Last Friday, I attended the gala opening of the Peninsula Players’ presentation of Moliere’s “The Imaginary Invalid.” It was a wonderful spectacle, with the actors in lavish period costumes, following the King and Queen of France into the theater, applauded by the appreciative audience.

The play itself was fascinating. Written in 1674 by the French playwright, it managed to be as funny, timely and contemporary today as it was then. Who among us has not known a hypochondriac who chases one cure after another, while complaining about the druggist’s bills? What daughter does not flinch from her father’s idea of a suitable young man, and sneak off to find somebody Dad wouldn’t approve of? And what employer hasn’t muttered those timeless words, ‘It is hard to find good help these days?”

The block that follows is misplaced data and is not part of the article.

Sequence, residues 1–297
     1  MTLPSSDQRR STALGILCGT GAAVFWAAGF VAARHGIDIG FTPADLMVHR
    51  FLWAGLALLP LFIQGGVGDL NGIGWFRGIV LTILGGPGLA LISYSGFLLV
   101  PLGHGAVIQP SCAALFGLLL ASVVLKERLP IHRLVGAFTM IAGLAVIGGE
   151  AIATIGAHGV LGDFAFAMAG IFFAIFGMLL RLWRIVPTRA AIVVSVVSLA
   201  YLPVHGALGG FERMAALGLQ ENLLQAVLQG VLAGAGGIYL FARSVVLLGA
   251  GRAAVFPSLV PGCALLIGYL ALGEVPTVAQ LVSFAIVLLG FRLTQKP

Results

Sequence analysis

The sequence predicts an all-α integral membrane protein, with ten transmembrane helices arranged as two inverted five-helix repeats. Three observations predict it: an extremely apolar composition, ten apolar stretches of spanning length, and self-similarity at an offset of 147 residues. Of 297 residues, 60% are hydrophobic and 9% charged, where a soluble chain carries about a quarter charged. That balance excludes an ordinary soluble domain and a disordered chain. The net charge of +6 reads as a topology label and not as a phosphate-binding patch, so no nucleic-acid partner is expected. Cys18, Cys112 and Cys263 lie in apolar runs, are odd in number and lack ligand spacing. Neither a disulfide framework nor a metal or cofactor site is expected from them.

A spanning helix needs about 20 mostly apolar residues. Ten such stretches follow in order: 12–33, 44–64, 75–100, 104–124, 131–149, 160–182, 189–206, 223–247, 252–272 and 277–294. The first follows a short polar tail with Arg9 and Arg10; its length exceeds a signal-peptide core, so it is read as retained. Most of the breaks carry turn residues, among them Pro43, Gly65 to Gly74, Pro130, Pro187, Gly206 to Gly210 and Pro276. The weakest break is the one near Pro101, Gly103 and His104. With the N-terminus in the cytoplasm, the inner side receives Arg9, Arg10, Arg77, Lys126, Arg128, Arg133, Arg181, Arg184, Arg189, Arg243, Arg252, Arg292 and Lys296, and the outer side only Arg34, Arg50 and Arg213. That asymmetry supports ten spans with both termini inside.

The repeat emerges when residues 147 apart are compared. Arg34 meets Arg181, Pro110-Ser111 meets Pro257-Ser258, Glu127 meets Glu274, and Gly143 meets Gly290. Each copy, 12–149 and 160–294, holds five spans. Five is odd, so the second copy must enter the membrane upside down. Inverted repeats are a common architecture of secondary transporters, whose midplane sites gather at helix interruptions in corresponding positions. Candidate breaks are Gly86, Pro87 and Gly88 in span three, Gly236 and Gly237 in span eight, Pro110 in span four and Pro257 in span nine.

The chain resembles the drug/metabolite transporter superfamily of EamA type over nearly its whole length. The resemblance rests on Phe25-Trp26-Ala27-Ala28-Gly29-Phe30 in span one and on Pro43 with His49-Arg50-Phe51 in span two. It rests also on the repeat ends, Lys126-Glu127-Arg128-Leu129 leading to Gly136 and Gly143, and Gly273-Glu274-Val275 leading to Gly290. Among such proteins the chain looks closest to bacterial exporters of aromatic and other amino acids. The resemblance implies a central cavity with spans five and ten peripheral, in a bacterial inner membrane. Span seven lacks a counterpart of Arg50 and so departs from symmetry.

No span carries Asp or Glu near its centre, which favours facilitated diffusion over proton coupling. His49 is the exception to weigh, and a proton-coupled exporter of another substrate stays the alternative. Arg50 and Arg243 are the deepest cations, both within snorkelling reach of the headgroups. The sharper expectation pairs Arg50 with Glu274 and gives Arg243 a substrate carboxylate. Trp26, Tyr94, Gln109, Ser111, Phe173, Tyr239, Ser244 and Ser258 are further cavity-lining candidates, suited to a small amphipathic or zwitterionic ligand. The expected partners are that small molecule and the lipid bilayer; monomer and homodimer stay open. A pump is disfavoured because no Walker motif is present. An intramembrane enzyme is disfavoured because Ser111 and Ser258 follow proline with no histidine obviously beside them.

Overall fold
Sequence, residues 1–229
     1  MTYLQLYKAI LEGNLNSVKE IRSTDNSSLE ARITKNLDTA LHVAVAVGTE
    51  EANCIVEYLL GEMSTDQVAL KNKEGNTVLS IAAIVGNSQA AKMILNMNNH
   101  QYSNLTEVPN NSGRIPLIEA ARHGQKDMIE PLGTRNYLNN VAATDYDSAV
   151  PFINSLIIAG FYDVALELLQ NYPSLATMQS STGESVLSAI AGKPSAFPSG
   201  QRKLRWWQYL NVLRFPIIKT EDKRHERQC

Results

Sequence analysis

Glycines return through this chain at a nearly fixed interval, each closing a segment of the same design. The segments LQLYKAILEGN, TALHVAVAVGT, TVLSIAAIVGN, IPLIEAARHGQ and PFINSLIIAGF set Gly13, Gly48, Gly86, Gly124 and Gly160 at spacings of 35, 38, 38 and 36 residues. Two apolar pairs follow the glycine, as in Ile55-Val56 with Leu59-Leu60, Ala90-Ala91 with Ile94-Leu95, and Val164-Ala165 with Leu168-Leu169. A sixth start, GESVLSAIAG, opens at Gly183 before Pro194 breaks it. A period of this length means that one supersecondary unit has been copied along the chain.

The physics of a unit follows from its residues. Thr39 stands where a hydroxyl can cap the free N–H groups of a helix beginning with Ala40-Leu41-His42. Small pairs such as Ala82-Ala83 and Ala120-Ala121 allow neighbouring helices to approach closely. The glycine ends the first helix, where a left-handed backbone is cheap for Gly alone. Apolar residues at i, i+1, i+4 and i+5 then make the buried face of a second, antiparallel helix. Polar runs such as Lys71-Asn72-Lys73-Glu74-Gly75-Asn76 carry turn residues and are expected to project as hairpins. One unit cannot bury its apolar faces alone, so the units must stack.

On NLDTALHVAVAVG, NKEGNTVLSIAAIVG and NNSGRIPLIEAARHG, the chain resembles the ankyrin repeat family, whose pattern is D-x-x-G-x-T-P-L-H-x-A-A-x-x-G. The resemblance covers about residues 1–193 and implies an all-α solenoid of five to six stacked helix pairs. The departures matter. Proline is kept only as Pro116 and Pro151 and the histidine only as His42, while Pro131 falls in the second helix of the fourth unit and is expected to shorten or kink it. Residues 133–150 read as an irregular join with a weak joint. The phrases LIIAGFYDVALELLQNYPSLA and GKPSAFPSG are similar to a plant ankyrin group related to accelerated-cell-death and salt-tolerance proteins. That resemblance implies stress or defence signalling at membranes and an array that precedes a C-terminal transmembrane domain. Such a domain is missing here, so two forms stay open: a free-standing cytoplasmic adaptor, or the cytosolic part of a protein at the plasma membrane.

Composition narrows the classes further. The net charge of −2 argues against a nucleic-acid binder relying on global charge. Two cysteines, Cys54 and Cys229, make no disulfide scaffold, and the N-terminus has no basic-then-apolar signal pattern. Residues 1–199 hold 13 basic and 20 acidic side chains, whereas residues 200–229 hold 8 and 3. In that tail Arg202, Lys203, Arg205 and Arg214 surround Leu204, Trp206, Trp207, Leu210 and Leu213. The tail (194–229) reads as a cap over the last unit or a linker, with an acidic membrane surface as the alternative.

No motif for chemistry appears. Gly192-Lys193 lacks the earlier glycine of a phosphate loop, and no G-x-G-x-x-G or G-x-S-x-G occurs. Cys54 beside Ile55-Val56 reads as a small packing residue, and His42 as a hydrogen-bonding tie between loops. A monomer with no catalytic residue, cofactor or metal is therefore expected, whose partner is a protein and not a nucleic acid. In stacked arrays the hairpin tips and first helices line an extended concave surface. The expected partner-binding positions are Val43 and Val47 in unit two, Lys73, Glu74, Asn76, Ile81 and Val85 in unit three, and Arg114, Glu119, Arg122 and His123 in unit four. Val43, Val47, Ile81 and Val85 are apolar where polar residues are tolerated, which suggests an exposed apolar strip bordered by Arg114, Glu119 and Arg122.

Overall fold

The actors carried this farce off brilliantly. It is hysterically funny, from the bill-ripping beginning to the bizarre, Monty-Pythonesque ending. It is well worth the modest $10 ticket fee. I encourage you to see it.

Rose Power

Long Beach

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